Every year on January 1st we are all bombarded with messages about self improvement. Gym membership ads on social media, radio news reports about the newest weight loss diet, apps to help you meditate more, newscasters discussing ways to save more money and more. It seems like everywhere you turn people are discussing their New Year’s Resolutions and all the things about themselves they will change. Your sister will stop drinking so much, your friend will run everyday, your neighbor resolves to follow a new diet, the list goes on and on.

There’s nothing wrong with resolving to make changes, but I encourage you to examine your motivation for changing. Are you resolving to lose weight or read more because you feel like there’s something wrong with your current weight or reading habits? Do you want to change because you believe (whether knowingly or not) that there is something wrong with you? Do you believe you are not enough as you are now? 

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So often one’s drive to change comes from fear, self- hatred, blame and deep feelings of isolation and unworthiness. We feel as if exercising more or eating differently will somehow “fix” us, but what if we don’t need fixing? What if you are already whole and beautiful as is? What if the qualities you dislike about yourself didn’t make you different than others or unworthy of love? What if you recognized that your perceived flaws are what make you human? What if you sent love to your darkest places and worked to change because you love yourself and deep down you know the change would allow you to live more fully?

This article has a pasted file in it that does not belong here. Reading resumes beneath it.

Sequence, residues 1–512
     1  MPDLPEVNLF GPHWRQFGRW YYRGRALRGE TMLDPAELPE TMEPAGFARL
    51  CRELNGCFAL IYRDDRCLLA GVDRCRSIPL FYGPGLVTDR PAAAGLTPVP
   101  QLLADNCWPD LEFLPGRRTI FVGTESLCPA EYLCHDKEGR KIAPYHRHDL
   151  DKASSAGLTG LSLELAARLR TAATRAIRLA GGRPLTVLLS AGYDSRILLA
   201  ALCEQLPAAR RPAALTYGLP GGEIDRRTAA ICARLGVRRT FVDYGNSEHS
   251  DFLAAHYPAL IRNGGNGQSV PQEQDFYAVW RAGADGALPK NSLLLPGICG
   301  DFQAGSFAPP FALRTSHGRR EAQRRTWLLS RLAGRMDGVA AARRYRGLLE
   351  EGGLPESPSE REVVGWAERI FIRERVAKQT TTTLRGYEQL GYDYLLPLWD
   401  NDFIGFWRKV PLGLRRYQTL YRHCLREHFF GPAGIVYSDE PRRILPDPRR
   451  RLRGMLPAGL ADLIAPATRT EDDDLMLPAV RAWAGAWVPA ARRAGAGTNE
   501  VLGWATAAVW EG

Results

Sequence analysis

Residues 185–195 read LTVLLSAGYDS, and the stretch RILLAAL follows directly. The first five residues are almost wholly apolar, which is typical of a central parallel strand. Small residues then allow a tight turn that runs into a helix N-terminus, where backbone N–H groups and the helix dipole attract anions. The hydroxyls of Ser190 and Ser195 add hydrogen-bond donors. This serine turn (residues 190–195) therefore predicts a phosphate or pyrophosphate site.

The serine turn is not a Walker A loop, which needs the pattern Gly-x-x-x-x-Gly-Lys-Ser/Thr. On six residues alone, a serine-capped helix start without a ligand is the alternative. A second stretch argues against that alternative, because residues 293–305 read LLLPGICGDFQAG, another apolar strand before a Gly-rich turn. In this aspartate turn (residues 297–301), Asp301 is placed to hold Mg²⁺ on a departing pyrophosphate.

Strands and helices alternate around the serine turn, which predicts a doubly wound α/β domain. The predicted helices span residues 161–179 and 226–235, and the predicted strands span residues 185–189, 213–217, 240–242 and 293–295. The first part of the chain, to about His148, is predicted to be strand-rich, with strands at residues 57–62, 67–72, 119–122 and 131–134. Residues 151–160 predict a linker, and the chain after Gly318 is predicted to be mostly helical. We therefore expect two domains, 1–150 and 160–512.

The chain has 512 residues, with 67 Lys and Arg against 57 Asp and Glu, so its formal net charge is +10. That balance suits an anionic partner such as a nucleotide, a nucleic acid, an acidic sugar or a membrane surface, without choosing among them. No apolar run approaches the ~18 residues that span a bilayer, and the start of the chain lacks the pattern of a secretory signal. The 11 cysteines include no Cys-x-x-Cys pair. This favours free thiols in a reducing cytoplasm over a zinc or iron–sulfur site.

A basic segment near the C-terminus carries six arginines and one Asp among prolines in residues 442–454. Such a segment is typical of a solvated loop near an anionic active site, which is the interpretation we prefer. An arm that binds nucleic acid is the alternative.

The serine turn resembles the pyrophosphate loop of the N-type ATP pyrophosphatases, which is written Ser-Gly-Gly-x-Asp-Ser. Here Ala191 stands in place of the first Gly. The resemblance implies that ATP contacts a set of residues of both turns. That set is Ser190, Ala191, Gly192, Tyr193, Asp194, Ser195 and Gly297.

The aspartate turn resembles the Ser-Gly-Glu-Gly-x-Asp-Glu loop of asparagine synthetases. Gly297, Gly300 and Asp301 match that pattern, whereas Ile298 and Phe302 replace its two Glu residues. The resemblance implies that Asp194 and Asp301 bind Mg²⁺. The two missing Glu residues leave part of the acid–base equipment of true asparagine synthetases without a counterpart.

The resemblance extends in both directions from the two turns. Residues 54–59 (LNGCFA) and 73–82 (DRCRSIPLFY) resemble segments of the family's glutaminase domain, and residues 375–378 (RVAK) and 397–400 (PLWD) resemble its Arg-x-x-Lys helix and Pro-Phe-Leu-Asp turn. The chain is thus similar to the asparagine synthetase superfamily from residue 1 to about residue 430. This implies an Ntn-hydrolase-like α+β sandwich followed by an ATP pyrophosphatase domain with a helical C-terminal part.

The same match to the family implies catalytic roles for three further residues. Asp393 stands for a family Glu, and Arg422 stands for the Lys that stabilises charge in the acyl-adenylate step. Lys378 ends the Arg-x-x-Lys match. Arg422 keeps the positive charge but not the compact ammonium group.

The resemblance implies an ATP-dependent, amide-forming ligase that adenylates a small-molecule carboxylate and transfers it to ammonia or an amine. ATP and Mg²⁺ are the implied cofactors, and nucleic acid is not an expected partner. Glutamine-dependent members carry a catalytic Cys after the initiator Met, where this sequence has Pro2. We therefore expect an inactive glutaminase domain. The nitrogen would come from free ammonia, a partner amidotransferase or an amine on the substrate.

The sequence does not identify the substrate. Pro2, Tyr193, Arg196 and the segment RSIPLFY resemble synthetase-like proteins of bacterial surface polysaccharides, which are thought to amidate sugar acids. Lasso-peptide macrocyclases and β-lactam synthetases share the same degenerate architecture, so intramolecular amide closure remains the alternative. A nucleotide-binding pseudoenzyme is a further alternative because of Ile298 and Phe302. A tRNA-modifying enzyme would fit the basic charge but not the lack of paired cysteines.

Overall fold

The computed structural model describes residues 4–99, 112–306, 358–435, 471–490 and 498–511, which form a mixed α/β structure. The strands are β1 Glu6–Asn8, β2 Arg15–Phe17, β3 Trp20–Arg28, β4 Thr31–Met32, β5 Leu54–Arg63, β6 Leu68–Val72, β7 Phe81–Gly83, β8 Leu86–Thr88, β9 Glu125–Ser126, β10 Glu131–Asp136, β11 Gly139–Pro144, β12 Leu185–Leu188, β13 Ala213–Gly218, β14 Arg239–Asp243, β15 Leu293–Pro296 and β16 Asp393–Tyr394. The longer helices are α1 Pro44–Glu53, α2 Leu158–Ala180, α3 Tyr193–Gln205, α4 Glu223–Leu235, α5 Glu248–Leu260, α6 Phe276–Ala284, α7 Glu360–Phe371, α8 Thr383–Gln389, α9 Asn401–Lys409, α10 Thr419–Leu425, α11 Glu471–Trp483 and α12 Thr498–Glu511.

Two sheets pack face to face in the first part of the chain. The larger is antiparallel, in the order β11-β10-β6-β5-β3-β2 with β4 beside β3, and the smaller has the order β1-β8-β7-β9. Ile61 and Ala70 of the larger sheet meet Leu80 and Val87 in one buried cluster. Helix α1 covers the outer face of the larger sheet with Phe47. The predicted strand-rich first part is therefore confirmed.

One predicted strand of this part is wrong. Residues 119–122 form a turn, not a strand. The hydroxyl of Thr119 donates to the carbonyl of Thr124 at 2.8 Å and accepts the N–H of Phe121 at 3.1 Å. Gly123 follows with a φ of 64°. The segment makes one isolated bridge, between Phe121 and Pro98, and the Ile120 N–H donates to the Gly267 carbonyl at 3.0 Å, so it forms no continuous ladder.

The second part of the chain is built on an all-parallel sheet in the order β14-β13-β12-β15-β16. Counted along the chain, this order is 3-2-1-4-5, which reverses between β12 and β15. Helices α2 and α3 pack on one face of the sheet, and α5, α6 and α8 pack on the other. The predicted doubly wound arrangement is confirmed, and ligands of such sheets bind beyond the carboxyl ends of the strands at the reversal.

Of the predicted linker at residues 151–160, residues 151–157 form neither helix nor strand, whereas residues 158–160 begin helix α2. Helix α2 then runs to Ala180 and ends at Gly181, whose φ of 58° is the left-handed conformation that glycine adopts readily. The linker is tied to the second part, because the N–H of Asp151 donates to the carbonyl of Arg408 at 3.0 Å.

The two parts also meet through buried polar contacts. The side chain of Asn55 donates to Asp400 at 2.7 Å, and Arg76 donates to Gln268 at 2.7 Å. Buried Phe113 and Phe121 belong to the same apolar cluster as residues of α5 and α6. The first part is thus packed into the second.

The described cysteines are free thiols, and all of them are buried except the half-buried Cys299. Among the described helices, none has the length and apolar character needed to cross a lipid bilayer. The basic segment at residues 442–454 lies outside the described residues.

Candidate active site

This year, instead of resolving to change or improve, I’m resolving to remember that I already am whole and deserving of life’s splendors as I am now. The contemporary Indian master Bapuji writes:

My beloved child,
Break your heart no longer.
Each time you judge yourself you break your own heart.
You stop feeding on the love which is the wellspring of your vitality.
The time has come, your time
To live, celebrate and to see the goodness you are…
Let no one, no thing, no idea or ideal obstruct you
If one comes, even in the name of “Truth,” forgive it for its unknowing
Do not fight.
Let go.
And breathe– into the goodness you are.

This year will you let go of the stories you tell yourself about your unworthiness and breathe into the goodness you are?


If you’d like you can turn the poem above into a gatha (a short verse that helps you practice mindfulness). Repeat the lines in your head or softly aloud while breathing in and out.

The time (breathing in)
Has come (breathing out)
Your time (breathing in)
To let go (breathing out)
And breathe (breathing in)
Just breathe (breathing out)
Into the goodness (breathing in)
You are (breathing out)

You can repeat this gatha during a traditional sitting or walking meditation or repeat it at a time when the negative voices in your head are strong. If you try it out, please let me know how it goes!

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